• Pregnant Women and Infants: There are various schemes and programs of the central government and, state governments like “Integrated Child Development Services, National Nutrition Mission (PoshanAbhiyaan), Pradhan Mantri Matru Vandana Yojana, which provides right to food and medicines to the target group. Due to lockdown and limited services; Food supplies, medicines and doctors are struggling to get into the interior areas of the district and all this might cause health issues.
  • Schools and Students: Schools are closed due to lockdown; board exams have been postponed and, in all probability, the next session is set to get delayed. In the urban areas, schools have started online classes while this is not a case in rural areas, which again results in falling behind and cover up the syllabus might get problematic in rural areas. Apart from this, Students might be facing an issue in getting a Mid-Day Meal. Through few state governments like Kerala has started delivering Mid-Day Meal to the student’s home and a few other states are implementing this through different ways like giving dry rations. Central Government has recently allotted 958 Crore Rupees to provide Mid-Day Meal during the Summer Vacations, which is very welcome step.
  • Farmers and Poultry: A majority of India’s farmers, nearly 85%, are small farmers with less than 2 hectares of land. Initially, the Indian Council of Agriculture Research (ICAR) had urged farmers to postpone rabi season up to 20th April 2020. But now, Government has allowed farmworkers, procurement agencies and, packaging units of fertilizers, pesticides and, seeds under the exempt category. Though exempting farmers from lockdown might support them economically but it does come with potential risk to laborers working in close proximity during the harvest time. Also, poultry business has crashed, largely due to change in food preferences towards Non-Veg which mainly caused by Fake news saying -“Eating egg and chicken can cause Covid-19” and secondly due to transportation problems during the lockdown. Impact in the poultry sector can be understood by observing egg price in Namakkal (Poultry hub of India) where the price of one egg is crashed to 1.95 Rs. Similarly, Fishers who earn through fish farming in clean water and catching the fish from the sea are also get affected due to lockdown. Tribal Communities, who earn money through collecting and selling non-timber forest produce has been badly affected. Some of the many factors which are acting as a catalyst are Labor non-availability, Market closure and, Movement restrictions. Let us see some state-specific examples which farmers of different states are facing:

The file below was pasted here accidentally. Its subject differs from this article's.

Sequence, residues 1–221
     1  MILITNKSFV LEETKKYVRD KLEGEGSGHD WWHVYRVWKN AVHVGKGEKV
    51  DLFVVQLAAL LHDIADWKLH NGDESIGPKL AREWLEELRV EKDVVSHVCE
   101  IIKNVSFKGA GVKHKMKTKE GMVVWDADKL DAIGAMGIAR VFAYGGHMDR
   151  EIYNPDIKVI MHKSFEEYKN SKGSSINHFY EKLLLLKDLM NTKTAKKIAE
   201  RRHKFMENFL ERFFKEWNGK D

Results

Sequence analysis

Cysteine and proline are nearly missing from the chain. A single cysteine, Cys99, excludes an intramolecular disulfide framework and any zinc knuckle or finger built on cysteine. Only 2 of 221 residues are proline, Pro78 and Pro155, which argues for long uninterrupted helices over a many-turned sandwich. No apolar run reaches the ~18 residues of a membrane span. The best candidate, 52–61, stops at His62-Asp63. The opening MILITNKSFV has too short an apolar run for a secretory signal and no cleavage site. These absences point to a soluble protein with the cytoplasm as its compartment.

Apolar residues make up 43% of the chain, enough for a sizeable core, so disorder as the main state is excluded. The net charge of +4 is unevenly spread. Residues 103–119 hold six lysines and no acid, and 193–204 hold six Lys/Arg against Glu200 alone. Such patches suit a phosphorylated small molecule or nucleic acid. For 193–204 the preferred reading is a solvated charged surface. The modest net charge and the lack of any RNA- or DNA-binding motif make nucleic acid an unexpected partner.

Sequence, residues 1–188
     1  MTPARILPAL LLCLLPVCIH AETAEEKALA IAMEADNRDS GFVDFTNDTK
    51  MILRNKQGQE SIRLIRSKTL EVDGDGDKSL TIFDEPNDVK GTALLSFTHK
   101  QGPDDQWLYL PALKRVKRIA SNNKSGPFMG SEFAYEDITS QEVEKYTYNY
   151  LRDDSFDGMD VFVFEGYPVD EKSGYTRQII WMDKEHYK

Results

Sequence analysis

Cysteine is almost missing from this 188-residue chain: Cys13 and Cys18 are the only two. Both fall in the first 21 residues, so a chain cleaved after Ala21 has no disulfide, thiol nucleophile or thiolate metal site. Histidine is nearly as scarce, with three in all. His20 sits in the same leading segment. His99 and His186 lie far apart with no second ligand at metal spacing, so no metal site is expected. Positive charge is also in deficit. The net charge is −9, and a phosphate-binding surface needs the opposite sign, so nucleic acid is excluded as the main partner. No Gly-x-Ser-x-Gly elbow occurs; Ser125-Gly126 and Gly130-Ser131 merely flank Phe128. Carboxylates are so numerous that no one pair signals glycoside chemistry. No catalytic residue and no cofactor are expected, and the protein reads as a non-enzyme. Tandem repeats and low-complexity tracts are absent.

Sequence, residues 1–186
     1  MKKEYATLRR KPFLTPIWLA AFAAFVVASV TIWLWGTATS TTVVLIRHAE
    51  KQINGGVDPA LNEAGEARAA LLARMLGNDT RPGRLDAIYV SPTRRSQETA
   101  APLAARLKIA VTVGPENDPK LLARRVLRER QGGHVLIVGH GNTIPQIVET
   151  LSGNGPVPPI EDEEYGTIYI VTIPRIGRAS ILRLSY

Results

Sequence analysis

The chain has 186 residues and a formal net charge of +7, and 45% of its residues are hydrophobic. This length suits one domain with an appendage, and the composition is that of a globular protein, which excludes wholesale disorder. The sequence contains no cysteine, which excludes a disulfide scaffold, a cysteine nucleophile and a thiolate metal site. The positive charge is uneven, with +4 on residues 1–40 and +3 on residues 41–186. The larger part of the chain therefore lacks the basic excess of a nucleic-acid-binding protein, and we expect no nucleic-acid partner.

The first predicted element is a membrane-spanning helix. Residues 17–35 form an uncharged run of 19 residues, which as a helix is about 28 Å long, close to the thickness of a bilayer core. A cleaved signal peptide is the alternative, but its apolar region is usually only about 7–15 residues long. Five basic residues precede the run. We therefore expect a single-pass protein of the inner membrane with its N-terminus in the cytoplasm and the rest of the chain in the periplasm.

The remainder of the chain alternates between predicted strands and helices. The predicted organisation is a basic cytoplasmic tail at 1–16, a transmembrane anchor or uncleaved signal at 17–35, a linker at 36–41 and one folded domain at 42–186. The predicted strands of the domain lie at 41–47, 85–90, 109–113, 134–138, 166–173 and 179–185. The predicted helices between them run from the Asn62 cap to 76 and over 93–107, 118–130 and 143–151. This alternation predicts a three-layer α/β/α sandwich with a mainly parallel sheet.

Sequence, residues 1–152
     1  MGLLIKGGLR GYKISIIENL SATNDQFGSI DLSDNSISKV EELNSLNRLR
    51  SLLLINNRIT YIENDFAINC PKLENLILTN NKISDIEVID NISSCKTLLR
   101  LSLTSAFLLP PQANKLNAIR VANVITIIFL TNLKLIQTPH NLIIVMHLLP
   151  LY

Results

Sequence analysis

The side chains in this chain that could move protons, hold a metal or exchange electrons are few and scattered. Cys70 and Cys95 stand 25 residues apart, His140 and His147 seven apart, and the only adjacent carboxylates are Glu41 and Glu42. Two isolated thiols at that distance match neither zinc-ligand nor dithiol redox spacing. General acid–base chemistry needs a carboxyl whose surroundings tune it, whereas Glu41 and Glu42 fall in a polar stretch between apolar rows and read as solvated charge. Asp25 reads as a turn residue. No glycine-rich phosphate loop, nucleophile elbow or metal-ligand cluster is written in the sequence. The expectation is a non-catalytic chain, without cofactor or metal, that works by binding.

• Poultry production is taking a hard hit due to Covid-19 where it is been estimated loss of 700 Crore in just 2 weeks of March. In UP, where the selling price of 1Kg of chicken is 100-150Rs/Kg but it is been sold for 20-10Rs/Kg, similarly selling price of the egg was 4-5/piece but it is being sold for 1-0.5Rs/piece. Unfortunately, Farmers are forced to kill the chickens or sell them for free because they can’t afford to feed them.
    • Rural Haats and mandis in different states are facing Covid-19 heat, where either haats are being closed or they are operating with limited staff. For instance, the APMC market in Navi Mumbai has been functioning with frequent interruptions. Despite the risk of Covid infections, traders and farmers are willing to work to earn their livelihood.  In Madhya Pradesh, Many mandis are get closed either due to people found positive of Covid-19 or they are not following the social distancing norms.

Read More: Coronavirus lockdown in India: Government’s responsibility and possible measures

  • Old-Age, Widow’s and Person with Disability: Old-age people, Widow’s and a person with a disability receive Government pensions in their bank accounts. But due to lockdown, people are facing problems like transport issues, specific hours of banks in money withdrawal. Due to lockdown, there is limited public transport and restriction in traveling; keeping this in mind State Bank of India also took the initiative to distribute pension amount at doorsteps. 
  • Water and Sanitation: It is estimated that just about 18 to 20 percent of rural households in India have connections for piped water supply. The Rest 80 percent of households are dependent on wells, rivers, or ponds and they travel daily to these places to get water for basic needs. In the Covid-19 times, where social distancing is need of an hour and maintaining that is a challenge when people travel in a group to get the water.

Role of Government & Way Ahead

The Central government and state governments are working hand in hand in this fight against the Covid-19. They have been taking steps and amending laws to curb the transmission of Covid-19 and also trying to minimize the impact of lockdown on common people. The government should acknowledge that the rural lifestyle is significantly different than urban India, thus the government should be flexible in order to implement the rules and laws.

The Central government and state governments can see this situation as a challenge and should learn various things in terms of improving the health system by increasing the health budget currently which is 1.28 percent of GDP and aimed to rise to 2.5 percent of GDP by 2025, working for holistic development migrants’ workers, finding alternatives for water and sanitation in rural areas, give more power to local bodies for example Give more rights to Village Level Organization (VLO) so that they can give more loans to the people.

As discussed, Government has taken various steps like; Giving Mid-Day Meal during vacations, giving extra raw food material to BPL cards holders, increase in a wage of MNREGA workers, Health Insurance, etc. but there is a scope for further improvement in schemes and policy.

Covid-19 India Outbreak – 1st May’2020

India reported 2,396 new Covid-19 cases taking toll of the total confirmed cases to 26,018 as of 1st May’2020. The positive news for India is jump in the recovered case by 962 with 10,021 recovered cases. The Covid-19 disease has taken 1,223 deaths in India. Among all the states the top 3 states with most number of cases are Maharashtra(11,506), Gujarat(4,721) and Gujarat(3,738).